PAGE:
What I wish I knew before studying abroad

11 February 2021
Durham International Study Centre student posing outside the building

Rumaysa from Pakistan studied the International Foundation Year in Business, Economics, Accounting and Finance before progressing to study BA (Hons) Business and Management at the University. Before she graduates this year, she writes a letter to her seventeen year old self.

Dear 17 year-old self,

There were certain things I wish I had known at your age, but unfortunately, I didn’t. Here I am passing on everything I have learnt since then, so be prepared!

Going abroad for university, especially so far away from home, isn’t an easy step to take, which is why you should choose wisely. When I made the decision to come to Durham I was clueless, I’d done no research, did not know what to expect in terms of the city, the people or the general environment. I left the decision to my parents (which turned out to be a good thing in retrospect), but it is extremely important to know what kind of a place you’re going to end up in, rather than stepping into the unknown. You need to familiarise yourself with the campus, research enough to see if the city is a good fit for you depending on what kind of a life you’re used to, and most importantly see how good the university is for your course.

Being at university has taught me one thing: you don’t have to live up to the typical student stereotype! Life at university doesn’t always have to be fast-paced, do what you are comfortable with. Some people make friends the day they come to university, but don’t worry, things take time and you will almost always find someone who is the perfect fit for you. One crucial fact I have learnt throughout my three years at university is, do not leave things last minute. Coursework might seem easy, but without realising it, it all piles up and the next thing you know you are binge-watching your lectures the day before your exam! Just putting a few hours in everyday can prepare you so much better than you think.

Being a student also means living on a budget, which most of us are unprepared for, since we’ve lived at home most our lives. This certainly does not mean we should miss out on experiencing different things and making memories which will last forever. Learning how to cook before you come to university certainly helps in saving a lot, which then you can spend on taking a trip with your friends or just doing different activities you would not usually indulge in.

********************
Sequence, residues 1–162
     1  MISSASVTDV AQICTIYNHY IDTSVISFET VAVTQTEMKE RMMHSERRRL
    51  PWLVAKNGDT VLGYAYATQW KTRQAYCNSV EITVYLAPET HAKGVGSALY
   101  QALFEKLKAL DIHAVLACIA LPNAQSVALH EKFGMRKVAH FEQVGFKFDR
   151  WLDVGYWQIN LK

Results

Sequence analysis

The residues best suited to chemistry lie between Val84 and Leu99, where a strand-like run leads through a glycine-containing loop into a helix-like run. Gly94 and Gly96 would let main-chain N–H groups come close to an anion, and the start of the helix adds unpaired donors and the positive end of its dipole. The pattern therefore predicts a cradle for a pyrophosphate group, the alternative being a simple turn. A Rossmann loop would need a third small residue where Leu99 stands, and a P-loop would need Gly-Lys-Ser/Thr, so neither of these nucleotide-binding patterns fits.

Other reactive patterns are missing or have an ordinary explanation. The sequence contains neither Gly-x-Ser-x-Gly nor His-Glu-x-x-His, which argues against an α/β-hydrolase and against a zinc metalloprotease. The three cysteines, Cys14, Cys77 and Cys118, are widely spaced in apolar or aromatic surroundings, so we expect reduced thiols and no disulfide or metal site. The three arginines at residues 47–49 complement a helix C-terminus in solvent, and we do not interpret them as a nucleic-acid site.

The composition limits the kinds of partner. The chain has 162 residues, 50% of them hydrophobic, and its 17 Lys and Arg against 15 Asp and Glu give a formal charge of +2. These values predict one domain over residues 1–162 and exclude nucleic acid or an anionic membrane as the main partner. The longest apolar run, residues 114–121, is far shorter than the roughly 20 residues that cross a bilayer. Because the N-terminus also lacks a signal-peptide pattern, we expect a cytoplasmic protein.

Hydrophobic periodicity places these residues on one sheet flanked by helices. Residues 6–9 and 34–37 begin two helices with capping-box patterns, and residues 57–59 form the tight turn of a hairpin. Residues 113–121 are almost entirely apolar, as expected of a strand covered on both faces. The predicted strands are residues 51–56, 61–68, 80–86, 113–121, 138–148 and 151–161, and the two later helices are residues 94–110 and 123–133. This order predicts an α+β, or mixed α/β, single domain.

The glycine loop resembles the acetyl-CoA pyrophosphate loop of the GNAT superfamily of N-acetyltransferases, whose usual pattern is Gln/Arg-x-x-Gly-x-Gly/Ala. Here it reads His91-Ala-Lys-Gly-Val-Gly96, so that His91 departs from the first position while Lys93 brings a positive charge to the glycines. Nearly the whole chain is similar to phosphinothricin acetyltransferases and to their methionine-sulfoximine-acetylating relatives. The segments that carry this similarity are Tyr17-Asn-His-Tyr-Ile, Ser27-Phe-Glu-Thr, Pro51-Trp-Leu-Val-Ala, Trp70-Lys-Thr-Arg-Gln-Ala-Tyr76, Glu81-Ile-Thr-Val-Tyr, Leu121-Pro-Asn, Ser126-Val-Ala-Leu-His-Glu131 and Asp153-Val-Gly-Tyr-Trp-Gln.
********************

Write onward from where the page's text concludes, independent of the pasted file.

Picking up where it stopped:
Leaving your home to be independent in a different country can be quite a scary experience, but it helps you grow as a person. You need to learn to prioritise what makes you happy and to get through the good and bad times with a positive mindset, because there is one thing I know for certain: there are always better things to come in the future. Joining societies and sports clubs you are interested in will make your experience much better than you anticipated and is great for your mental health.

My final piece of advice would be, don’t worry too much about the future; live in the moment and the rest will fall into place. Learn to value the small things in life, whatever makes you happy. Choosing Durham University was one of the best decisions I made, mostly because it has taught me so much and helped me grow. And now, I am passing on all I have learnt, to you.

Watch our interview with Rumaysa here.

Interested in applying for Durham University International Study Centre?

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